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Star Wars: Episode V - The Empire Strikes Back

The 1980 Irvin Kershner-directed sequel to the original Star Wars film.

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"Your ruining my movie!"

  • Sep 26, 2009
Rating:
+5
We need to have more movies out now "ruined."

How ironic is it that the best of all Star Wars movies is the one that elicited a tantrum from George Lucas and how he thought the movie was awful with the way others in charge put it together and turned it into one of the finest pieces of sci fi ever?

What else is ironic is that ESB was initially panned when released and is now looked back on as a masterpiece.  People I've talked to continually point this out to me when my disdain for Attack of the Clones, the middle movie of the prequel triilogy comes up in conversation.  If Attack of the Clones gets the same kind of love that Empire does one day is when I hang up my belt as a Star Wars fan.  Watch Luke and Yoda actually have conversations about the Force during Lukes training and compare and contrast Obi Wan handling Anakin in ATOC and tell me theres the same kind of resonance in the lines or the feelings being conveyed.

A darker movie over the original Star Wars that keeps the familiar trappings and brings some new ones along that fit in nicely.  The pulp novel comic book feel is diminished a bit with more drama added in since most of the layout was established and Empire doesn't have that much new elements but greatly expands upon the stories set up, such as Lukes quest to be a Jedi, Han and Leia's relationship together and the plight of the Rebellion.  Darth Vader's role is opened up considerablly and it snow balls to the end his place in Star Wars history with an earth shattering line that will never be forgotten.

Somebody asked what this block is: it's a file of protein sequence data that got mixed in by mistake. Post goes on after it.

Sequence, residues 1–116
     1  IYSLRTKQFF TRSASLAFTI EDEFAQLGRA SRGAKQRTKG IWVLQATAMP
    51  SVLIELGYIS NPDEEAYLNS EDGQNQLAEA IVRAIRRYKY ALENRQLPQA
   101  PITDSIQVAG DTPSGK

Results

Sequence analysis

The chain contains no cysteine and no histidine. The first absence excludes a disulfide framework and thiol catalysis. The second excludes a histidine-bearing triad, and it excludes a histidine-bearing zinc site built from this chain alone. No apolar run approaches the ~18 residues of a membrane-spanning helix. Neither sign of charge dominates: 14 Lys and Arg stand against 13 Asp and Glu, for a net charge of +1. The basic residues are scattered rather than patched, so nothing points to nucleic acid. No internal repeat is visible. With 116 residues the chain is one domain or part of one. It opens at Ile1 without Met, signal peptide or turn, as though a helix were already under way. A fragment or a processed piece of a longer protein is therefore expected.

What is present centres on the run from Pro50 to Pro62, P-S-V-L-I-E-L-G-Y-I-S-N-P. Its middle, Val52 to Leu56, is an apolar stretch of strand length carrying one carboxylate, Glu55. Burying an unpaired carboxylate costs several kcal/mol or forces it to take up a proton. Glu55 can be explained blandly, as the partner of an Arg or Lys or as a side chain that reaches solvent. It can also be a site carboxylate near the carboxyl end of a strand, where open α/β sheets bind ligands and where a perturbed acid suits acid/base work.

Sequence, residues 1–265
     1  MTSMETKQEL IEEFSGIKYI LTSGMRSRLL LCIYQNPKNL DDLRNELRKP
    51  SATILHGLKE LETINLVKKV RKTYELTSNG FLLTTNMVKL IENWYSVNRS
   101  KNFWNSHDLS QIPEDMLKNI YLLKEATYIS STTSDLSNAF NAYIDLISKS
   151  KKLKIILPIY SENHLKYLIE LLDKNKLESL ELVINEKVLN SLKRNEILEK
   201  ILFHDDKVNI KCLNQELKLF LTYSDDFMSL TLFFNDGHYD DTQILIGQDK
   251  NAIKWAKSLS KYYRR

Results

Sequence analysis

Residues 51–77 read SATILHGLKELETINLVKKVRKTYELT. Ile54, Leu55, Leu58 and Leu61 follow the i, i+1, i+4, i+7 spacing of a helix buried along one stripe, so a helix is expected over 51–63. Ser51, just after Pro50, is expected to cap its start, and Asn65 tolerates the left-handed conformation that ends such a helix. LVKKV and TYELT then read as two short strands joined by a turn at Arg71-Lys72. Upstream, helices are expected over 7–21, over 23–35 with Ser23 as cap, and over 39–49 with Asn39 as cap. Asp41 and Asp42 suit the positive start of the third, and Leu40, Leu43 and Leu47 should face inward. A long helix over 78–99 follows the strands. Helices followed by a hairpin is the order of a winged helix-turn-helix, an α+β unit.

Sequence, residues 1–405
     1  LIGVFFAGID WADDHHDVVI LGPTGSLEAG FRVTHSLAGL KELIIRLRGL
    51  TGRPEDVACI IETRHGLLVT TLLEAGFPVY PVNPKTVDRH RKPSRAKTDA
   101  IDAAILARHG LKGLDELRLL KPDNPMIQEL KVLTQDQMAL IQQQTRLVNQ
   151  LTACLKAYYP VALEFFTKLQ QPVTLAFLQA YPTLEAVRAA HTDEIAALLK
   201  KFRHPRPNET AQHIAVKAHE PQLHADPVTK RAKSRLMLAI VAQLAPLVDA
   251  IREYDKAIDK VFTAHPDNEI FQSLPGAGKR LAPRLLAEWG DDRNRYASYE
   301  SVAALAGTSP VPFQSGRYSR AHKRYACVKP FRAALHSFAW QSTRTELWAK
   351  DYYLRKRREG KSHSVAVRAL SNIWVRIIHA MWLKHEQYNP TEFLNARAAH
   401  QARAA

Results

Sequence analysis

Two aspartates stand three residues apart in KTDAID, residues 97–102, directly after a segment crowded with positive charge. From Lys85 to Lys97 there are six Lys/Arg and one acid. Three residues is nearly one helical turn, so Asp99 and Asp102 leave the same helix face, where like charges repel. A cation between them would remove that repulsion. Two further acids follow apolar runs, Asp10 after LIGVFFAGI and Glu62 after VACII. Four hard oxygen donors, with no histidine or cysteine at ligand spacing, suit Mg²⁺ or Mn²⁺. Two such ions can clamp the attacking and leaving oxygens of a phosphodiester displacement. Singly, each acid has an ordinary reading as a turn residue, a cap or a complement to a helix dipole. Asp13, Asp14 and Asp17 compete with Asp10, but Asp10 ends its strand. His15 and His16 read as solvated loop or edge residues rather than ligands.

Empire is the one movie that suffered the least in terms of it's Special Edition, but it's more proof that again, whats added isn't all that special.  The wampa snow monsters gets shown chowing down and slobbering on a big piece of carcass.  It's a cool suit and it looks nice but honestly it was far scarier as a little seen creature.  Bespin's Cloud City is the nicest of the additions with more open city shots and windows to show it's size and scope which is good but the stinker is a scene badly dubbed in of Vader asking for his shuttle and shoing it docking in what is obviously reused footage from Return of the Jedi.  Look close enough and I think you can see the commander from Return of the Jedi in the background too.  Yeah, this could have been left out.  Like I said, it suffers the least of the original three movies, but the original is still superior.